Flushable wipes have become popular in the last few years. It's been a boon for those of us with IBD and other digestive problems. Paper can be very difficult on the perianal skin, and wipes can cut down on the pain and discomfort from wiping. However, there has been some speculation as to whether these wipes should really be flushed -- even if they say "flushable" on the package.
The answer? No, probably not.
It turns out that these wipes are not degrading, and wind up going all the way through the system to the wastewater treatment plants. When they turn up at the plant, they can get stuck in machinery. In fact, the good folks at your local wastewater treatment plant are having to remove the wipes from the water and send them off to the local landfill. And all the repairs and the removal costs money. Ultimately, it's the taxpayers that shoulder the bill.
In addition, wipes are clogging the plumbing in homes and businesses, prompting more frequent calls to plumbers to deal with the problem. For plumbers, it's been good for business, but for homeowners, it can be a real headache.
Consumers are also flushing wipes that are not truly flushable. Cleaning wipes, baby wipes, facial wipes -- most of these are not flushable, and they wind up going down the toilet anyway. It seems as though there is a lot of confusion as to what can go down the drain, and what can't.
In fact, the Association of the Nonwoven Fabrics Industry (INDA), the National Association of Clean Water Agencies (NACWA), the Water Environment Federation (WEF), and the American Public Works Association (APWA) have gotten together to craft a response to this problem. Their recommendations include calling on companies who make wipes to properly label their products when they are truly not flushable. They developed a Do Not Flush logo which is very effective in helping consumers to understand which products they should and should not flush.
Even so, this is still a problem and not every manufacturer may be on board with the labeling. So, what should we be doing with wipes instead? Either don't use them, or throw them away in the trash. If they don't clog up your plumbing, they are going to end up in the landfill anyway, you might as well just start the process before it costs more money and causes more problems.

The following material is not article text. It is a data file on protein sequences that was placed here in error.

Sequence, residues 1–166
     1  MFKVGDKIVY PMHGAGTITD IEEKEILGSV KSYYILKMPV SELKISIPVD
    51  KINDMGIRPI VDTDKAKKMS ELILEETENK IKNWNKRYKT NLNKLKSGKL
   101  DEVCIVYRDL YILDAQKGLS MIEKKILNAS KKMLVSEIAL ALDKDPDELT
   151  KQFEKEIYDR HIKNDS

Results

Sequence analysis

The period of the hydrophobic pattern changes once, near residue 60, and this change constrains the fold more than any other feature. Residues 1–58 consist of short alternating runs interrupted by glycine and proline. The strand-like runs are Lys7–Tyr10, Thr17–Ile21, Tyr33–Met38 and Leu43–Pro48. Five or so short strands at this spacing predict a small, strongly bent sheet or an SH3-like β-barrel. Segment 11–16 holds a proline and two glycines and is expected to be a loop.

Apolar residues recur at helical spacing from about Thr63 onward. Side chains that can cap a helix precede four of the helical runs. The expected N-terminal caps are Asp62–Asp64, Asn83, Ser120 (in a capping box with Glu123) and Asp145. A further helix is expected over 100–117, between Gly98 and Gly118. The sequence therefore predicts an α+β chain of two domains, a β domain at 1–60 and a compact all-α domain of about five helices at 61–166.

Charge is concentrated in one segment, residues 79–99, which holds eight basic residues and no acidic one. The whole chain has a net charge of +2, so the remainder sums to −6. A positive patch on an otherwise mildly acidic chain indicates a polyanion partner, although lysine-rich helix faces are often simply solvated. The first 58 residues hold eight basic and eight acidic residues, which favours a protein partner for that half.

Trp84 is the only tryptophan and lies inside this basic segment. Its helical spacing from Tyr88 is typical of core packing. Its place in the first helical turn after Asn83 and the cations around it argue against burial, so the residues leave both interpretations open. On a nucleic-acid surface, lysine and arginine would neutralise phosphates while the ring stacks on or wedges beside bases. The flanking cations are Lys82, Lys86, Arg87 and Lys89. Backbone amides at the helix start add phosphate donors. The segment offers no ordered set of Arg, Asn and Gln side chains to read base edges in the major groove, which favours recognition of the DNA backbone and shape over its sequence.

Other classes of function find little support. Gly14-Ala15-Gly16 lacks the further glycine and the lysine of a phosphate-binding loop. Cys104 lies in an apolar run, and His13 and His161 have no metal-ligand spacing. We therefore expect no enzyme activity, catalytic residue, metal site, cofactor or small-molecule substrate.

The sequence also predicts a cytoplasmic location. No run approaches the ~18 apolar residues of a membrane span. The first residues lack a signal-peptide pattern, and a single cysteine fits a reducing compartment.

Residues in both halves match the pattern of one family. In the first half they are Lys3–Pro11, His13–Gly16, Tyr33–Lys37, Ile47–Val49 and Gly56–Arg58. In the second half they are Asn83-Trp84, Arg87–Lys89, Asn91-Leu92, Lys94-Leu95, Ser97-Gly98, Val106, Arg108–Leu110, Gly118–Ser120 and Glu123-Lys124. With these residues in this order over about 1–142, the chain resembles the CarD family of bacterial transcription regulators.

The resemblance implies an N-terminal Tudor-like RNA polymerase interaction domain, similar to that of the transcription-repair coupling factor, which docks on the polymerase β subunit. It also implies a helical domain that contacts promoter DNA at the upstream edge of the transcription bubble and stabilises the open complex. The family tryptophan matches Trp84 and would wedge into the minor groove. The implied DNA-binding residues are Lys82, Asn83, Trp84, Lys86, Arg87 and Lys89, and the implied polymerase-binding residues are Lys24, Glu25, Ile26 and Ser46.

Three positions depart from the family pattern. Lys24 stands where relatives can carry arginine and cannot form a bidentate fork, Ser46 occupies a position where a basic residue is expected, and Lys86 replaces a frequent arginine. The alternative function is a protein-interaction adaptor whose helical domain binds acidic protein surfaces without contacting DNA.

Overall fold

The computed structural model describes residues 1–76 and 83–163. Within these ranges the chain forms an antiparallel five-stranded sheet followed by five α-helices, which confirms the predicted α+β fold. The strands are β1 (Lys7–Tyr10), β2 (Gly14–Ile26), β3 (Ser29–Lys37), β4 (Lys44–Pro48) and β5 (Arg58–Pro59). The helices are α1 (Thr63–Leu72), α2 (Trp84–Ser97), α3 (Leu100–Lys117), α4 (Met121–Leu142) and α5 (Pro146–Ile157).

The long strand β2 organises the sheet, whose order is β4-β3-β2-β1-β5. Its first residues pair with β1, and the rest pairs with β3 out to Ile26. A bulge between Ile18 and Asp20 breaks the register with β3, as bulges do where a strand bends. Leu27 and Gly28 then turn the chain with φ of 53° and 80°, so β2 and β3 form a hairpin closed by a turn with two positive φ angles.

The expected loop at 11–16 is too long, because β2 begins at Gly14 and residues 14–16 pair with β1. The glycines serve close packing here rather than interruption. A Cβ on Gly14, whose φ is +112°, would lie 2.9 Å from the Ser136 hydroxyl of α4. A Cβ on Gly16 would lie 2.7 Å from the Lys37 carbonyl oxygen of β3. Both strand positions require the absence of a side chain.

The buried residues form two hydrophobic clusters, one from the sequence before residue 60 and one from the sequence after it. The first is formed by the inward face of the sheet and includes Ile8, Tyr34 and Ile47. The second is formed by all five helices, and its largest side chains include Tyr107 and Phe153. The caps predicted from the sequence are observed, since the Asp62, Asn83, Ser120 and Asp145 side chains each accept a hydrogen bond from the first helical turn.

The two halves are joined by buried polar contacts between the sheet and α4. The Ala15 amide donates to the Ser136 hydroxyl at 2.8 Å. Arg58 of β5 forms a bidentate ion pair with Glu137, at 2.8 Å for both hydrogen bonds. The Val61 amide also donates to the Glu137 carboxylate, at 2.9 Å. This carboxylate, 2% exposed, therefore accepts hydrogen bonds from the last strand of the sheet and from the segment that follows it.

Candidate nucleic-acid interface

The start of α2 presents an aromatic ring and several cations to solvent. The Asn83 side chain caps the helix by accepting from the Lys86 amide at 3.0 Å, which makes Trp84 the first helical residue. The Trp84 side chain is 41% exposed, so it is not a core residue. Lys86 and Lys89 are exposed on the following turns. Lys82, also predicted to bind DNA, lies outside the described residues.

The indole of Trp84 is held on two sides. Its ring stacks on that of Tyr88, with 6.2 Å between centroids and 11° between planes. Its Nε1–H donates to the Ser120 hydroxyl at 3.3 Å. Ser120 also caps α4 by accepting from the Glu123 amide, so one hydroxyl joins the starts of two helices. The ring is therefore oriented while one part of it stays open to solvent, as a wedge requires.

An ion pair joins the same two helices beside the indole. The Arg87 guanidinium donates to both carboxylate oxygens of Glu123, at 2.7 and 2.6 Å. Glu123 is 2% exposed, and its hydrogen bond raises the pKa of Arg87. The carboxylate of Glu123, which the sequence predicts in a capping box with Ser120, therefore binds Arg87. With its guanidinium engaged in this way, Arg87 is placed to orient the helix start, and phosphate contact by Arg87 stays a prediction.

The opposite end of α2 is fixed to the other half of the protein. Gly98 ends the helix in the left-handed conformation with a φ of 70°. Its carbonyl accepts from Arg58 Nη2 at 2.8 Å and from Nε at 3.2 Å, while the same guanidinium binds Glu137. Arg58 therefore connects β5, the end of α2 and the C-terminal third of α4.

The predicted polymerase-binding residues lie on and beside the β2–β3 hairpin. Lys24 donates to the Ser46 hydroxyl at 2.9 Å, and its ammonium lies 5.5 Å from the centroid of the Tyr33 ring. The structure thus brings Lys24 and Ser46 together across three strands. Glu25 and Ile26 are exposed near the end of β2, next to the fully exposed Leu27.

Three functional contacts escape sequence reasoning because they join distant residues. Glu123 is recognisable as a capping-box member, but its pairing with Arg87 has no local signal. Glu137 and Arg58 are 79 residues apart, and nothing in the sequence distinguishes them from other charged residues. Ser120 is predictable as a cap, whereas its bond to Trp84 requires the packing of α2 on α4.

Photo © INDA
INDA. "Flushability: Leading the Way to Promote the Proper Disposal of Nonwoven Disposable Products." INDA.org. June 2013.
Get your 2014 Colondar featuring the proud tummies of colon cancer survivors! Colondars are $10.00, plus shipping & handling, includes US holidays, and contains facts and important dates in colorectal cancer history.
Photo © The Colon Club
People who have digestive problems such as irritable bowel syndrome (IBS) and inflammatory bowel disease (IBD) have long maintained that food can contribute to their symptoms. Researchers and physicians have not always been on board with this theory, instead focusing on other causes and contributors.
Some recent research into foods high in FODMAPs, or Fermentable Oligo-, Di- and Mono-saccharides, and Polyols, raises the idea that certain types of carbohydrates increase digestive symptoms. It's long been known that certain foods are more likely to cause gas, indigestion, or diarrhea, but this theory puts a little more structure around exactly which foods and why.
Of course, this is still just a theory, there's plenty more research that needs to be done before altering diet in this way becomes a mainstream treatment for IBS or IBD. But, it's an interesting idea, and something worth keeping in mind when you talk to your doctor or your nutritionist.
More about the low FODMAP diet:
For the third year, the Crohn's and Colitis Foundation of America (CCFA) is sponsoring a Crohn's and Colitis Awareness Week! Resolution 199 passed in the United States Senate designates the week of December 1, 2013 through December 7, 2013 as "Crohn's and Colitis Awareness Week." The CCFA is asking us to take this week to raise awareness by:
- Write to your House Representatives and encourage them to join the Crohn’s and Colitis Caucus, http://capwiz.com/ccfa/home/.
- “Like” the CCFA on Facebook (www.facebook.com/ccfafb) and follow the Foundation on Twitter (www.twitter.com/ccfa).
- Changing your Facebook status to: I’m supporting Crohn’s and Colitis Awareness week and you should too! To learn more, see http://online.ccfa.org/site/PageNavigator/AdvocacyPage.html.
- Use the #CCFAawarenessweek tag on Twitter, Instagram, and Pinterest.
- Change your profile picture to the CCFA logo, which you can download here
- Download the CCFA Awareness Week Poster
- Reach out to anyone you know with IBD and let them know you care.
- Download the Crohn's and Colitis Awareness Week Press Release.
- Visit www.ccfa.org to learn more about IBD.